As they lay low, old family pressures build again at the Dalton shack. Dim, sneaky Averell was always Ma’s favourite and as he again sops up all her attention Joe, Jack and William settle upon a scheme to make some cash whilst they’re hiding out. It revolves around the fact that Daltons all look remarkably similar and, once the moustaches are off and they’re wearing her old dresses, the boys can pass for their mum in any shop or bank in the region with Lucky Luke none the wiser…

However when Averell starts joining in and queering the guileful gig, the “old dear” is seen in stores miles apart in Alfalfa City and Tumbleweed Town, swiping cash and guns rather than vegetables and soap, and the canny cowboy quickly puts two and two together…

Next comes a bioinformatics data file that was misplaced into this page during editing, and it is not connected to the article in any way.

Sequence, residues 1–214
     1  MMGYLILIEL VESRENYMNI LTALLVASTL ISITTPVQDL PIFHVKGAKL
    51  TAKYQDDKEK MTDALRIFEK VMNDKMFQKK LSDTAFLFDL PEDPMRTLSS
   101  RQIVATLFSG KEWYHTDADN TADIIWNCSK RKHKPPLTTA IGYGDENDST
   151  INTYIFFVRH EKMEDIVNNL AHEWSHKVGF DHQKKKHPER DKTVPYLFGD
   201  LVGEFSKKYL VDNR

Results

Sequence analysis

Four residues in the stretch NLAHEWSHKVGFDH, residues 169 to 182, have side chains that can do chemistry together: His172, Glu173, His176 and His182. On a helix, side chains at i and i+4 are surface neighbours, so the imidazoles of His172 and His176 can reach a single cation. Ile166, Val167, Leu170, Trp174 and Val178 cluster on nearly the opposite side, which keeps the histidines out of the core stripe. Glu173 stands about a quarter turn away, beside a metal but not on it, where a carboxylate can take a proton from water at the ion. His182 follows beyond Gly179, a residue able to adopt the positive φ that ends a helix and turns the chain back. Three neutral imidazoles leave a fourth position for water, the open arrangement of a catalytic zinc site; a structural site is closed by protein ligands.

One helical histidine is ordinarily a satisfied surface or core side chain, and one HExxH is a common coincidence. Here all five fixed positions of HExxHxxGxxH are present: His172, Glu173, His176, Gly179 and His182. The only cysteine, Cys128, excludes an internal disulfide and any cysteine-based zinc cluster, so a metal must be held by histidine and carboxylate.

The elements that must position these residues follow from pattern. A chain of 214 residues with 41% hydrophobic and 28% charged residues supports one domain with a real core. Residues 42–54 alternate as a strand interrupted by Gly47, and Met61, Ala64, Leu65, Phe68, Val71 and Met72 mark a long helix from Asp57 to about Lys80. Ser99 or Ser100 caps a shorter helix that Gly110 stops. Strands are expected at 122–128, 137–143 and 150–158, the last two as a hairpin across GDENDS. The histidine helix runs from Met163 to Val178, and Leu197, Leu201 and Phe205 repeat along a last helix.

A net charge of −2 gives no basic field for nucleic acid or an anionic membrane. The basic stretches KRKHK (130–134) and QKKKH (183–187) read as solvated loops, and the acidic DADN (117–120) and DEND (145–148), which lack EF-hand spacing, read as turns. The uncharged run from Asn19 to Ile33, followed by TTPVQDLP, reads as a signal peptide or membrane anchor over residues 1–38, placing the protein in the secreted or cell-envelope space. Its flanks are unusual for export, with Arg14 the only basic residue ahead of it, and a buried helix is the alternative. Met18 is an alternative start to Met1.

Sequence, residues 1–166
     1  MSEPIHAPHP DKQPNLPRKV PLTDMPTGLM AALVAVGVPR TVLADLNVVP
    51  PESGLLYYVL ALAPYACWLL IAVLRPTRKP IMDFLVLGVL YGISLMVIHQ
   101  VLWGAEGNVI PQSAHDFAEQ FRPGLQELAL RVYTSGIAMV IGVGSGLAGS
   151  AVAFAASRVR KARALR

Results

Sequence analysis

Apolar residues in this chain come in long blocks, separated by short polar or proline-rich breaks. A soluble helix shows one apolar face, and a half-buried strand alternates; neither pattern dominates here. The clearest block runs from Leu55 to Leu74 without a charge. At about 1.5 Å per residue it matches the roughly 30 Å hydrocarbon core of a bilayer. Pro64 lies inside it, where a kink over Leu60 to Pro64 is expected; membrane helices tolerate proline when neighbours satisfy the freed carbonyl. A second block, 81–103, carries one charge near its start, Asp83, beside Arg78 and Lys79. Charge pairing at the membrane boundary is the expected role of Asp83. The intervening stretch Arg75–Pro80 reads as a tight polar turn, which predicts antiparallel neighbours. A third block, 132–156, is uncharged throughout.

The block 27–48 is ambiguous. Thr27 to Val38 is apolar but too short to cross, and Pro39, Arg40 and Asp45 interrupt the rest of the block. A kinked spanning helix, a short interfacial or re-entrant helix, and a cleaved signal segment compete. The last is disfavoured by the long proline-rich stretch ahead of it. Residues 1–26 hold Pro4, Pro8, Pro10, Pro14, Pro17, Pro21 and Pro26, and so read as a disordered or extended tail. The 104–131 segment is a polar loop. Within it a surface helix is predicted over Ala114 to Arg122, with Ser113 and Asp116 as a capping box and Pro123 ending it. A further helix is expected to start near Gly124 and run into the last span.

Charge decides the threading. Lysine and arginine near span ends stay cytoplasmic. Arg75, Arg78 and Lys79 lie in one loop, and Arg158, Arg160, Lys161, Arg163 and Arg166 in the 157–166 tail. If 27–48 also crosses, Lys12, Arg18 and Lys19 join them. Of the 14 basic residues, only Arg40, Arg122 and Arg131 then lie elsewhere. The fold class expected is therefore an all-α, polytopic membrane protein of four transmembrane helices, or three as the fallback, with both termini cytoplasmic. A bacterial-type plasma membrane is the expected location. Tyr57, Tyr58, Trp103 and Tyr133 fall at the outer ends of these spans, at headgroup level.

Soon the infamous family are on the run with Lucky and Jolly Jumper hard on their heels. But it’s guile and not gunplay that will win the day since nobody expects the gangling gunfighter to draw down on a little old lady. She just might end up as “the one who got away”…

Fast-paced, seductive slapstick and wry cynical humour colour this splendidly mad ride: another grand old hoot in the tradition of Destry Rides Again and Cat Ballou, superbly executed by master storytellers and providing a wonderful introduction to a unique genre for today’s kids who might well have missed the romantic allure of an all-pervasive Wild West that never was…
© Dargaud Editeur Paris 1971 by Goscinny & Morris. © Lucky Comics.